With data breaches only set to rise in 2024 and beyond, this is of the utmost importance.

Disinformation and the impact of AI

While businesses are adopting AI with caution, attackers are adopting and using these technologies much faster and collaborating together to weaponise AI. This is where we are likely to see the biggest development taking place. As such, 2024 is likely to bring about breaches led by GenAI techniques either in the form of phishing emails, videos, doctored videos and images or even all of these combined.

At the same time, a clever use of data manipulation could damage data models, allowing for inaccurate predictions that could have a massive impact on a business or government entity. This data poisoning, which involves tampering with Machine Learning (ML) training techniques to produce undesirable outcomes, is going to be a growing concern for organisations that have a lot of data, as the more data you have the more likely it is that there could be bad data contained within it. This is another reason why companies will be turning to data protection tools to aid in data security.

Data, data everywhere

The pandemic might be behind us, but it changed the way we work forever. The gig economy has grown significantly, and this is likely to have some implications for business going forward, as skilled workers sell their time and access company data wherever they are, which will continue to impact the way in which we work.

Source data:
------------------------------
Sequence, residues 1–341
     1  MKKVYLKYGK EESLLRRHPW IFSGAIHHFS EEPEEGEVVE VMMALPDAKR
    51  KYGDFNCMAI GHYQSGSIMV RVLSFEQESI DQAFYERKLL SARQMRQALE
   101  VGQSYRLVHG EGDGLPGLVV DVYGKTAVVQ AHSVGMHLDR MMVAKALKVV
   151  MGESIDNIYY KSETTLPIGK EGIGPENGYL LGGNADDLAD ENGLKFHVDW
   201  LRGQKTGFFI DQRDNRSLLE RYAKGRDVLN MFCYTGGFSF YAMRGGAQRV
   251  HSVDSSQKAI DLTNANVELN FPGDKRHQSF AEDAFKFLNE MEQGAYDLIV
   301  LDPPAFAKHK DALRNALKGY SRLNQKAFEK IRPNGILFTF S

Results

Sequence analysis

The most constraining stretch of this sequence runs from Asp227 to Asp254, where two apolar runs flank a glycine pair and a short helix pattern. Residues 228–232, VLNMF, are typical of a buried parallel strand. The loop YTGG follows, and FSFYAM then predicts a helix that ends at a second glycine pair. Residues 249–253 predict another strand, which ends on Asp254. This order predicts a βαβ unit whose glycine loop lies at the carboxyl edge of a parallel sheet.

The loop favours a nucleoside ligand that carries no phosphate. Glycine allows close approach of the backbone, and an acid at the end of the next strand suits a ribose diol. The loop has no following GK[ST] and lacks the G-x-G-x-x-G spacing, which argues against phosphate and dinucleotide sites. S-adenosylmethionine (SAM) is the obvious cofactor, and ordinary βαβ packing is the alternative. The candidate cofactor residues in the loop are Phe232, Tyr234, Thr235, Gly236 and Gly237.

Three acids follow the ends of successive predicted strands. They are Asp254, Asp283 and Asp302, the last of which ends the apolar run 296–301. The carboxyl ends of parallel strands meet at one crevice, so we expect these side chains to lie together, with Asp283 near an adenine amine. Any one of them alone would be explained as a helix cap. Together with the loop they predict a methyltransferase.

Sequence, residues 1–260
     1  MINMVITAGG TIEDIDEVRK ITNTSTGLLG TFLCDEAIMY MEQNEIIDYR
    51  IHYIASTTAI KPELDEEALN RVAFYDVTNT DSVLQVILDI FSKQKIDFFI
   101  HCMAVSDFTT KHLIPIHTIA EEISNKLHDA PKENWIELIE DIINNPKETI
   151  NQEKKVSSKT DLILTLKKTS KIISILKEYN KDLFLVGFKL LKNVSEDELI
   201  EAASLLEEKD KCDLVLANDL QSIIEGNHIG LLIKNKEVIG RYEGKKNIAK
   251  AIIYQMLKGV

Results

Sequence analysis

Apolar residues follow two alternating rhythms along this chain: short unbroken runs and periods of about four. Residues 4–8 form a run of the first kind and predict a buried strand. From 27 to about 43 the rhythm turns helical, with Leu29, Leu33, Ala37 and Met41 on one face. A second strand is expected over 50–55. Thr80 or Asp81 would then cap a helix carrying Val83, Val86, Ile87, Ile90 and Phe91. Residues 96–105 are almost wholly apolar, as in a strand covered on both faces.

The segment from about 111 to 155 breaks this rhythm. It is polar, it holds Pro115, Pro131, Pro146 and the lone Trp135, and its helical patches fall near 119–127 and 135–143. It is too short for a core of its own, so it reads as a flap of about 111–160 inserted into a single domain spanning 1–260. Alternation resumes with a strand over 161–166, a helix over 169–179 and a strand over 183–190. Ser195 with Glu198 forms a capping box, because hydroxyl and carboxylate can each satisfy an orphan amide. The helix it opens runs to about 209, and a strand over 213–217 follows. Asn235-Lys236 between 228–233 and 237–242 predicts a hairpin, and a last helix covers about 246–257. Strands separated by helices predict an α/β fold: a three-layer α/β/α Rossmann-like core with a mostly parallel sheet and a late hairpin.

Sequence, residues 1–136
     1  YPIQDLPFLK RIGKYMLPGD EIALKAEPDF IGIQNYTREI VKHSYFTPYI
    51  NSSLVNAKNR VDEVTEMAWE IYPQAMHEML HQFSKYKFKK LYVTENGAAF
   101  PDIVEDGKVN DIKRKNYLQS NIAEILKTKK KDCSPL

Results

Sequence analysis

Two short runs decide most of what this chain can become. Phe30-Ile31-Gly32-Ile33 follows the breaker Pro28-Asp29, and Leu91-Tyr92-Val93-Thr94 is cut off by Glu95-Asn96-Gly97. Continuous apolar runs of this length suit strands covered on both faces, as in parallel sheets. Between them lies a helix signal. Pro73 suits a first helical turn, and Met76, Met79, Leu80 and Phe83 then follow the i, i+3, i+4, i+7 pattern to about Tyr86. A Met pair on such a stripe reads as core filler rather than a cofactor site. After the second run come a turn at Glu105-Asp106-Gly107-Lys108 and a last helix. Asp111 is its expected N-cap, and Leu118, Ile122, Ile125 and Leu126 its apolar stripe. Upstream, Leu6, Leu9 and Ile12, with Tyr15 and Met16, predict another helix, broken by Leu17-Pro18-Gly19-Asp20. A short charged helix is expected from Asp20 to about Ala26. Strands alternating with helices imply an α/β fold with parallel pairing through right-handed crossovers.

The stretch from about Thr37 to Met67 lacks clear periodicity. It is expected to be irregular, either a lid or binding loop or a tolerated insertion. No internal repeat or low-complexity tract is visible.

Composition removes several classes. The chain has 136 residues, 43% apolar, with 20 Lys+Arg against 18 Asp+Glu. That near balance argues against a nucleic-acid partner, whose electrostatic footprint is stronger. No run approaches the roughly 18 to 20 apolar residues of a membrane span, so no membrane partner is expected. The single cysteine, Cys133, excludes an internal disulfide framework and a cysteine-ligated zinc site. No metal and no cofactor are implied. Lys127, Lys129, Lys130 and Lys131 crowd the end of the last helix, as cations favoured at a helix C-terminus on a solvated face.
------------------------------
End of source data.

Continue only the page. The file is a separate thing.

Already innovation in hybrid work environments and being able to access whatever data and tools you need from wherever you are, has great appeal for many workers and they are unlikely to want to work for an organisation that does not at least offer a hybrid option.

From a data perspective, this accentuates the need for it to be protected and for companies to implement solutions that meet regulation requirements across various territories to remain compliant, keeping commitments to secure customer and employee data and ensuring you have happy employees.

In addition to meeting customer expectations for data security and privacy or risk the chance of losing them, more and more companies will be investing in meeting compliance standards, while others will be fined for non-compliance to regulation standards such as PCI and DORA.

Data is going to either make or break businesses in 2024. As technologies continue to evolve, people will demand their data is secure and, as threat actors become more relentless, organisations will have to continue to go beyond the regulations and checkboxes to keep data secure. They will need to bring data security to the boardroom table, making it a key topic for discussion that focuses on data use and the protection of it for the best interest of their customers, employees and their business.

Nathan Vega is vice president of product marketing and strategy at Protegrity